Monday, January 09, 2006
Façade of Muslin Unity Threatens Schism
Unlike Christianity in America, Christianity in his home country suffers from actual persecution. (In America, persecution of Christianity is a fiction used to fuel talking heads.) Christians are a small minority, about 10 percent of the population. But despite, or perhaps because of the persecution, it is growing quite rapidly in that country.
Here are excerpts from the Wikipedia article on religious persecution in his country:
- the government has banned usage of the (…) -language Bible and (…) language Bible, both known by the name "al-kitab". The reason for the ban is that both books use the term Allah for God. However, there is no closer translation from the original Hebrew since both Allah and the Hebrew word for God come from the same Semitic root. Other Christian materials in the (…) language have been banned at various times.
Mel Gibson's movie, The Passion of The Christ was restricted in 2004. Officially, the movie was open to Christians only. Attendance was discouraged since tickets were not carried by the usual box offices. Christian groups such as the National Evangelical Christian Fellowship arranged block bookings of cinemas and distributed tickets to various churches. An initial run of two-months was extended, making it appear doubtful that only Christians viewed the picture.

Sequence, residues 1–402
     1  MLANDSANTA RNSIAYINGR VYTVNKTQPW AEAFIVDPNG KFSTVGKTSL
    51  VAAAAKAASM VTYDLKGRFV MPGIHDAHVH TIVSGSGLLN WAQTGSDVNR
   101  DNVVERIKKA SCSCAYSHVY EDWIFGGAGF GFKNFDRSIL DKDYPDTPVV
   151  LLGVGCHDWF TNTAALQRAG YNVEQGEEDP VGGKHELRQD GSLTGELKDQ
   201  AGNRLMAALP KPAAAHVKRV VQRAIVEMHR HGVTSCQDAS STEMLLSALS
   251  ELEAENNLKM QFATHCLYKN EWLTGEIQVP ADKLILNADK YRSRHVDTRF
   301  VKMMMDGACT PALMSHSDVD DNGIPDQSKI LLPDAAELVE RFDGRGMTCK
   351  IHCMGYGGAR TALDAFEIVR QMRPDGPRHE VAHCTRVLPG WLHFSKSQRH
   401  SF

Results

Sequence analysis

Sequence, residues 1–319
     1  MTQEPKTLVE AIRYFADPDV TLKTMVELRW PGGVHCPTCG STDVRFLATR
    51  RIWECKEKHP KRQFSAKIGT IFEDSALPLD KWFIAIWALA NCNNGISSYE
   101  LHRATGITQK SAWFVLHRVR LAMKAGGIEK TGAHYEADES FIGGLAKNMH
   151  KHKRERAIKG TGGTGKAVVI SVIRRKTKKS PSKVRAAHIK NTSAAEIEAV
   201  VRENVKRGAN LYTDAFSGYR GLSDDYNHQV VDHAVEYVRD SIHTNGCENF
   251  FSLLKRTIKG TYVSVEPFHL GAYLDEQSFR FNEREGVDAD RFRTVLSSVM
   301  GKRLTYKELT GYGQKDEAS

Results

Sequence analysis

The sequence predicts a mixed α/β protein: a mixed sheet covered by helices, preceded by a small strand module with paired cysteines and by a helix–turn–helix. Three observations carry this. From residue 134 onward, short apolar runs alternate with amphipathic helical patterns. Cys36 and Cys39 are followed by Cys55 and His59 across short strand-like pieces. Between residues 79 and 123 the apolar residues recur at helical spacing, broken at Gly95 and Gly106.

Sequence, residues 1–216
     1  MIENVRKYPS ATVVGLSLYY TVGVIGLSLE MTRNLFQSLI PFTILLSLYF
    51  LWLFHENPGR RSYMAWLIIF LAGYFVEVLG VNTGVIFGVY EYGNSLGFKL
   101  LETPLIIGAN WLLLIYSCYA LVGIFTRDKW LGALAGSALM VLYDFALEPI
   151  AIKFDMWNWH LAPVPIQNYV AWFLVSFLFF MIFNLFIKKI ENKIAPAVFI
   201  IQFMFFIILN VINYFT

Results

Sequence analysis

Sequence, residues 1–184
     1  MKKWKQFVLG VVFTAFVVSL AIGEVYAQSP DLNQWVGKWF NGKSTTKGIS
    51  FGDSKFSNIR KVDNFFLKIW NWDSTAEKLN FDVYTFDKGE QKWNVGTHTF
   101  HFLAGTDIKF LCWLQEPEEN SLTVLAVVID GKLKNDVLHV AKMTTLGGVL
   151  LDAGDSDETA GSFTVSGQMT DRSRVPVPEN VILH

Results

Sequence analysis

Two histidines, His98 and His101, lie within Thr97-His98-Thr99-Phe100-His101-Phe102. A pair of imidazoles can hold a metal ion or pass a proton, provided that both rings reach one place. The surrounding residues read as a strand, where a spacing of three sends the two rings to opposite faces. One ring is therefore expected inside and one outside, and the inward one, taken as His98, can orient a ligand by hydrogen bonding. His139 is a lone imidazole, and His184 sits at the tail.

(I deleted the references identifying the country because the bishop plans to return there and I've not discussed this writing with him.)
Most of the Christian sects in that country claim to have the only truth. They claim that adherents to others sects will go to hell. This infighting in the Christian community keeps the religion from taking full advantage of recent easing of persecution and restrictions. It hampers efforts to spread the gospel. And, of course, it runs counter to the idea that all believers in Christ are part of the "body of Christ," as expressed by St. Paul.
The bishop then went on to talk about Islamic unity, hidden divisions, and some of the implications.
He compared the state of Islam today to Christendom before the Reformation. Of course, in Christian nations before the reformation, adherents to other religions were persecuted, just as Islamic nations often persecute non-Muslins in those countries. Before the Reformation, the Catholic church and the Eastern Orthodox church were two sides of one monolithic religion. In Islam, we see two sects, Shi'ah and Sunni; though they are often in conflict.
The bishop has become convinced that Islam is no more unified in practice than Christianity. He cited an Islamic author who wrote recently on the subject (don't remember the name - sorry.) But tradition decrees a façade of unity, a fiction that all Muslins regard themselves as brothers and sisters. The resulting tension between practice and avowed tradition, between the pretend unity and actual diversity, has produced what the author called "dishonesty" in Islam. Christianity confronted and dealt with similar "dishonesty" when Martin Luther nailed his 95 theses to the door of Wittenberg's Castle Church in 1517.
So, from the bishop's point of view, Islam's development lags Christianity by about 500 years. That religion is ripe for a “Reformation” of its own. We may live long enough to see it.
GOD INITIATED ONE WAY.
HIS NAME IS JESUS.
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